Isaac was one of the first five signers of the Mayflower Compact and was a prominent member of the Plymouth Colony for most of his life. There was some controversy about his business dealings later in his life as it seems some of his business transactions were benefiting him in a lopsided way to the detriment of the colony.
The next Pilgrim Family from which my contemporary Waterman Family claims descent is the Francis Eaton Family. Francis was born in Bristol, Gloucester, England about 1596 and arrived in Plymouth on the Mayflower with his wife, Sarah, and his child. Sadly, Sarah died the first winter. Francis married a second time to a woman only known to history as Dorothy and then a third time to Christiana Penn, my tenth great-grandmother, who arrived in Plymouth in 1623 on a ship named Anne.
Francis also signed the Mayflower Compact and it is commonly believed that he was a member of the Leiden congregation. He was a carpenter by trade and in Plymouth Colony it seems he experienced some financial challenges as evidenced by his selling of certain land holdings in 1631. Some two years later, in 1633, an epidemic spread through the colony with deadly consequences. Tragically, Francis was a casualty of this epidemic and died in the fall of 1633. I descend down the Francis Eaton line through his son Benjamin.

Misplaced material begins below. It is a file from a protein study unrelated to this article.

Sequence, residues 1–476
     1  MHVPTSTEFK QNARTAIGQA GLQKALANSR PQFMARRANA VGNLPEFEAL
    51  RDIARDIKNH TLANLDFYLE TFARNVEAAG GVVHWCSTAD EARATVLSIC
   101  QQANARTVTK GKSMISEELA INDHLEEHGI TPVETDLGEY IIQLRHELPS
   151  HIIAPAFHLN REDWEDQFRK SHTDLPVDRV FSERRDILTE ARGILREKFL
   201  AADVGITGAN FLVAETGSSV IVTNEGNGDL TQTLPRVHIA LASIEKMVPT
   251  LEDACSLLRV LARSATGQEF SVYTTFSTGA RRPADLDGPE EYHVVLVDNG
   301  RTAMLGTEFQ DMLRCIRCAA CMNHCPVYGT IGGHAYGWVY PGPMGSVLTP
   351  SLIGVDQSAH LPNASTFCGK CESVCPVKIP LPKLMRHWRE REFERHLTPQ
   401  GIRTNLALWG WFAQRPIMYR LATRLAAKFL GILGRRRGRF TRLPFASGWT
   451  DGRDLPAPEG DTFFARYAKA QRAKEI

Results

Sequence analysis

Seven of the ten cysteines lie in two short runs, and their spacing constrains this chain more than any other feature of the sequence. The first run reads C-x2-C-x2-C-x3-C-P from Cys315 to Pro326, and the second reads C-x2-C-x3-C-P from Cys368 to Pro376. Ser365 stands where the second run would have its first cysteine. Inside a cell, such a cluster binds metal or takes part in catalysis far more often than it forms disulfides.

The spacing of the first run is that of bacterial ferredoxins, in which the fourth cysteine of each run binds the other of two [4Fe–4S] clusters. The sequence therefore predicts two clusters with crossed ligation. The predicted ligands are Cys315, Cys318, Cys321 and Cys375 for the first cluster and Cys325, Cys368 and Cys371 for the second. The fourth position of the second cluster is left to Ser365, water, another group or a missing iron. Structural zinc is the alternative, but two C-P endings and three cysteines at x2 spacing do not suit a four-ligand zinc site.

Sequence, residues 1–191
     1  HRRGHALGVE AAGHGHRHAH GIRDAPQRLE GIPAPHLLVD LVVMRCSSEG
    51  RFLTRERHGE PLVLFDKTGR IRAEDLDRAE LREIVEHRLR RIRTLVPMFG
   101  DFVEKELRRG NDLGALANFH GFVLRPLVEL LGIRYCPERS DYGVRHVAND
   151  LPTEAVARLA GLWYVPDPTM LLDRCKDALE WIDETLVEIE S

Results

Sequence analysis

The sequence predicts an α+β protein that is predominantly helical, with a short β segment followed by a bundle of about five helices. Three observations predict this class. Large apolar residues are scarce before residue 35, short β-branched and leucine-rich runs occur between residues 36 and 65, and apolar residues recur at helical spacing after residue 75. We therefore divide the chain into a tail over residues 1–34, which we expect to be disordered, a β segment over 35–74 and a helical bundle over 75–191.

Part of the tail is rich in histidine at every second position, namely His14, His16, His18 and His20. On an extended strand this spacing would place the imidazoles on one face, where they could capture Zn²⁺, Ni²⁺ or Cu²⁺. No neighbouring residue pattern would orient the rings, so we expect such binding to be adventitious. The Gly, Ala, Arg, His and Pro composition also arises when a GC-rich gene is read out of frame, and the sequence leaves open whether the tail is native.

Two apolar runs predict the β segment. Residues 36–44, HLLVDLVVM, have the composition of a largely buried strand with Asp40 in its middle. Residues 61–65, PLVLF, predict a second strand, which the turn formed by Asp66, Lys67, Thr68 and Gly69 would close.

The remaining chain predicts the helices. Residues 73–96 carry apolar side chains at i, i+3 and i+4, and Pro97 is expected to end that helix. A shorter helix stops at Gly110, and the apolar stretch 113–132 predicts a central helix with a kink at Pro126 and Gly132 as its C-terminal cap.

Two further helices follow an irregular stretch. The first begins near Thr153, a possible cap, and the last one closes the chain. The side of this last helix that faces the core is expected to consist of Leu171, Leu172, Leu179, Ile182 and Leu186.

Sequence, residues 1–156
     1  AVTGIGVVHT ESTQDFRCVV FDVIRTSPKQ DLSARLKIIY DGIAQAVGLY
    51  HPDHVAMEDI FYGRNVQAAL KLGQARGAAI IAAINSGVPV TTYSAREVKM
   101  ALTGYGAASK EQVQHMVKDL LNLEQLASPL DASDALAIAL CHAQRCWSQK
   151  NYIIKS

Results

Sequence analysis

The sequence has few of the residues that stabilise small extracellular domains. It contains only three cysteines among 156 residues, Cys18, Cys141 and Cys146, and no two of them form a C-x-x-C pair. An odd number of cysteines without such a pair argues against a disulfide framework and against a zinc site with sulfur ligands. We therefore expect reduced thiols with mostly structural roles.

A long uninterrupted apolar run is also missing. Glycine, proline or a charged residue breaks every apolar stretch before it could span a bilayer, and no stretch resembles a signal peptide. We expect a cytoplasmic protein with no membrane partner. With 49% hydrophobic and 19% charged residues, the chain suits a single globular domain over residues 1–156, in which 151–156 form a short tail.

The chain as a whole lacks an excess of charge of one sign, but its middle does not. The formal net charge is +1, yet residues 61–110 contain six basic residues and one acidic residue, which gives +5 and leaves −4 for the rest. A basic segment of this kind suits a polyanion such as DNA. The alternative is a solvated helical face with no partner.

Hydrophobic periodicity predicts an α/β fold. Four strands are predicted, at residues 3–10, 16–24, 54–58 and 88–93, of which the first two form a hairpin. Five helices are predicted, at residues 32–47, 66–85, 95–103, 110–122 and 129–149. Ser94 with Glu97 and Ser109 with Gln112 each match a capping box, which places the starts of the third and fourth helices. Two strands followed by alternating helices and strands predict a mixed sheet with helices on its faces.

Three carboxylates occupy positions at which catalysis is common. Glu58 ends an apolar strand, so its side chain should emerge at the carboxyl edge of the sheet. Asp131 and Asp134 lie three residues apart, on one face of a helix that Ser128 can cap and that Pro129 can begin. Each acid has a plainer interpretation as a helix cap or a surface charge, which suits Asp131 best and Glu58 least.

Next, we come to the James Chilton Family. James was born about 1556 in Canterbury, Kent, England and was trained as a tailor. He was the oldest passenger on the Mayflower at about 64 years of age and signed the Mayflower Compact. He is said to have been part of the Separatist community at Leyden, Holland and he traveled to the New World with his wife and youngest daughter, Mary. Evidently, he left his other 10 children in England. And his wife is known to us only as “Mrs. Chilton” because William Bradford did not record her first name. James Chilton died on the Mayflower in 1620 in Provincetown Harbor. His wife died a few months later.